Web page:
Monday, April 30, 2012

D.C Thomson Origins: Pup Parade

Pup Parade, or The Bash Street Pups as you may know them, arrived in The Beano issue #1326, dated 16th December 1967. Illustrated by Gordon Bell, the pups looked very different in the beginning to what we know them today! 

The original series ended in 1988, lasting over 20 years! The Pups then moved to The Topper the following year, still drawn by Bell. It remained there until the comic ended in 1990. They then even survived the merge with The Beezer, lasting for another good two years!

Since June of last year, The Beano started reproducing old strips by Bell from the 1980's, giving them a fresh lick of paint! The result was very nice, only ending in April of this year.

Nigel Parkinson took over from the reprints, and the Pup Parade strips that appear in the Beano today are all brand new!

The Bash Street Pups weren't the only dogs to begin in the late 60's! In August of 1968, Dennis the Menace got his world famous sidekick - Gnasher! At the end of his first appearence in issue #1363, Dad sent Gnasher to Pup Parade, where he appeared the following week.

Friday, April 27, 2012

Free Inside! - with Whizzer and Chips!

Above is the very first issue of Whizzer and Chips, which came with 'Twelve Super Stickers'! Well, thanks to Steven Adamson who emailed me recently, I can share them with you today! Here they are for, as far as I'm aware, the first time on the net where they are all readable!

Issue two came with a free 'Flick Book'. On it it read 'Story 1', but as far as I'm aware this was the only Flick Book they made (for Whizzer and Chips anyway).
Update: Well, the mystery of 'Story 1' has been solved! On the back there was story two - which can be seen underneath!

And finally, because issue 3 was the first fireworks issue, they decided to throw in a gift which Fleetway had used many times before - a guy fawkes mask!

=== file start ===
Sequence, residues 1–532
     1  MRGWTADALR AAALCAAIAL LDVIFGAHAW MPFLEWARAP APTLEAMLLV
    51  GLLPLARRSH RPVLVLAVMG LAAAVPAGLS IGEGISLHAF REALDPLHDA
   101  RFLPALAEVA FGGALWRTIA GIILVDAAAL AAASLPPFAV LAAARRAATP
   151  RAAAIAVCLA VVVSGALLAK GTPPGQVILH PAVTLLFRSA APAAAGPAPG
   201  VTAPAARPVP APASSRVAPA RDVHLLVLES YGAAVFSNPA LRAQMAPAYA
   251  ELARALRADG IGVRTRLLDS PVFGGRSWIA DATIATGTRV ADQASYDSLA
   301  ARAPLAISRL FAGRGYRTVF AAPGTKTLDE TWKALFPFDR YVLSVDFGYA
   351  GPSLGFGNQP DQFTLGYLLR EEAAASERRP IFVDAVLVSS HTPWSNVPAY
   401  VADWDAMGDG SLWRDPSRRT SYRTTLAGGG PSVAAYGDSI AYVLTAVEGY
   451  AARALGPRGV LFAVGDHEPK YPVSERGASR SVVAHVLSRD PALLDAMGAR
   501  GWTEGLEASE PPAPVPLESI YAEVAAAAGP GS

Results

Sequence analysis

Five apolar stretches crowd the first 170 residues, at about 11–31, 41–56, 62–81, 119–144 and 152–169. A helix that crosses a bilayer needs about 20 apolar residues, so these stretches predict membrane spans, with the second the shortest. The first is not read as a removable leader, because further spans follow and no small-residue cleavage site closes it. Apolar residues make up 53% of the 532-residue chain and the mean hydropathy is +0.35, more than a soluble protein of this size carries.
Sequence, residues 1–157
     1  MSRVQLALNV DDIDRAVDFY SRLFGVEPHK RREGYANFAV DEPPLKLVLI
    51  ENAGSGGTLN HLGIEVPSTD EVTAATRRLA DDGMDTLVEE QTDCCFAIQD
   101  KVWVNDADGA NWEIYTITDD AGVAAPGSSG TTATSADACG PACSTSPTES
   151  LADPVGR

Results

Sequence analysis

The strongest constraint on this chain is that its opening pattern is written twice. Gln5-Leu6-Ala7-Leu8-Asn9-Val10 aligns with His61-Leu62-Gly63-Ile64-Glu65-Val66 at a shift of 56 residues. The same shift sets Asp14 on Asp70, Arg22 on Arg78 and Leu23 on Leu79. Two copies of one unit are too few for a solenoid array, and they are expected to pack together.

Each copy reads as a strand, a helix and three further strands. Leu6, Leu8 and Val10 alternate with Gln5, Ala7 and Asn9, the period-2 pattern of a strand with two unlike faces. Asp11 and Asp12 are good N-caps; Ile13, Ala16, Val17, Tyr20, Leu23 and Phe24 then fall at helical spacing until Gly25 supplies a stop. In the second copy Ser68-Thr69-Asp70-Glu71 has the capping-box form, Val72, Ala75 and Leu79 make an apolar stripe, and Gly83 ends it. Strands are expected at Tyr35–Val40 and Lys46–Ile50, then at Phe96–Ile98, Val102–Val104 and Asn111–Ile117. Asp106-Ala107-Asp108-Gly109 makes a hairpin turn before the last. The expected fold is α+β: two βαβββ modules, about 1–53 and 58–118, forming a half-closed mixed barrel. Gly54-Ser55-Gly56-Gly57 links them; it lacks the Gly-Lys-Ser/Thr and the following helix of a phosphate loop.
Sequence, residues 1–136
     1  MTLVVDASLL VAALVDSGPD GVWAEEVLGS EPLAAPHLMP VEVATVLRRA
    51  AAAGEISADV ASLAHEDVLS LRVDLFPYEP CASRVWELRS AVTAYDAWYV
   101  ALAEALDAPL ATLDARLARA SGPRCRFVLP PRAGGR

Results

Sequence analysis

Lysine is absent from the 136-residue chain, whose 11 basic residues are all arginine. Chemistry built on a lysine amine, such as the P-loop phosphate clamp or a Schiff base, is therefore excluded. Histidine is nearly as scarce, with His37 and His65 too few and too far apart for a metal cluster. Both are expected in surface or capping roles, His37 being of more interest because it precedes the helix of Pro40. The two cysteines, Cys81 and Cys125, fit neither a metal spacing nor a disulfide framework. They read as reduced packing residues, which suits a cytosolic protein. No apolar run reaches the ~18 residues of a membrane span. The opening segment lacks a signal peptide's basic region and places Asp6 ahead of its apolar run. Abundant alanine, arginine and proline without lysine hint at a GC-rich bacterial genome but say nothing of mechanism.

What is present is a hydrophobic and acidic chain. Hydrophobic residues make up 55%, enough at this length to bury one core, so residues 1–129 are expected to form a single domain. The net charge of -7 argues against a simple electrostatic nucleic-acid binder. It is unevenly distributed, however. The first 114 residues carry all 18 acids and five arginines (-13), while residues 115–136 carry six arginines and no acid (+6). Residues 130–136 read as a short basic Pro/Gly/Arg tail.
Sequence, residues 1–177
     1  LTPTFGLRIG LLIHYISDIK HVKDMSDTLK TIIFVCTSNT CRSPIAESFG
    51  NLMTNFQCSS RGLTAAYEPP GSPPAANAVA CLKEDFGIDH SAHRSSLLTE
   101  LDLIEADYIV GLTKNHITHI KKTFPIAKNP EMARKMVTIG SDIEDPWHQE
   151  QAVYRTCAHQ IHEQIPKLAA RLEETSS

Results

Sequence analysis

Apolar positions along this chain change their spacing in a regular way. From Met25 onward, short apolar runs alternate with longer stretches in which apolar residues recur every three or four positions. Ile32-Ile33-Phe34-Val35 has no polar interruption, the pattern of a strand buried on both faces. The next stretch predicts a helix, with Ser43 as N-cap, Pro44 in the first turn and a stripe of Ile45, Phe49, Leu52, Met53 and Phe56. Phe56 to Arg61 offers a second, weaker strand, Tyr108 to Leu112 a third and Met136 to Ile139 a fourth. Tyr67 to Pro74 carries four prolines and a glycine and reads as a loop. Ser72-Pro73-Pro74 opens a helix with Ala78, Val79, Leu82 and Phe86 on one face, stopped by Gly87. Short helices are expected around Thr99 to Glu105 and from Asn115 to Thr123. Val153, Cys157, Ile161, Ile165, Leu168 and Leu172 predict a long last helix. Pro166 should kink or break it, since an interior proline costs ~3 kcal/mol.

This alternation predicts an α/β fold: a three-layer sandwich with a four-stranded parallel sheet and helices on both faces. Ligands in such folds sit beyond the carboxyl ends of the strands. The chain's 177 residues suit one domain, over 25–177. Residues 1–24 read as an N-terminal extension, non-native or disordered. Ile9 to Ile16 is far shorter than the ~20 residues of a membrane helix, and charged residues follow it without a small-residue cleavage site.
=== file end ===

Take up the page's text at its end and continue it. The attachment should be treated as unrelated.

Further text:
My Whizzer and Chips fan site is growing with features such as free gifts and logo's! Click on the blue text or go to

Tuesday, April 24, 2012

The Strongest Man (or Woman) in Comics!

Desperate Dan needs no introduction, as he is probably Britain's most famous strong man! Originally from the first Dandy in 1937, the he-man has survived almost 75 years in the comic and remains, according to the latest survey, the most popular character in the comic today! But he isn't the only super human to have appeared in comics, and here's a few more!

The Dandy's sister comic The Beano has had a few through it's time, and currently stars Bananaman! - a little boy who turns into a super-strong nit whenever he eats a banana! In a recent post I wrote about Danger - Len at Work, but the comics most succesful has to go to Pansy Potter! Pansy began in issue #21 (The first christmas issue!) and instead a being a muscly man, like most other characters, she was a young girl! I'm not too sure, but I think this may have been drawn by Jimmy Clark.

Going even further back than The Beano and The Dandy (although this character did in fact feature in The Beano), we arrive at Adventure comic! Illustrated by Dudley Watkins, Strang the Terrible was rather similar to Morgyn the Mighty, who appeared in Beano #1. Desbite being known as 'Terrible', Strang was the hero, always helping others out of unfortunate adventures!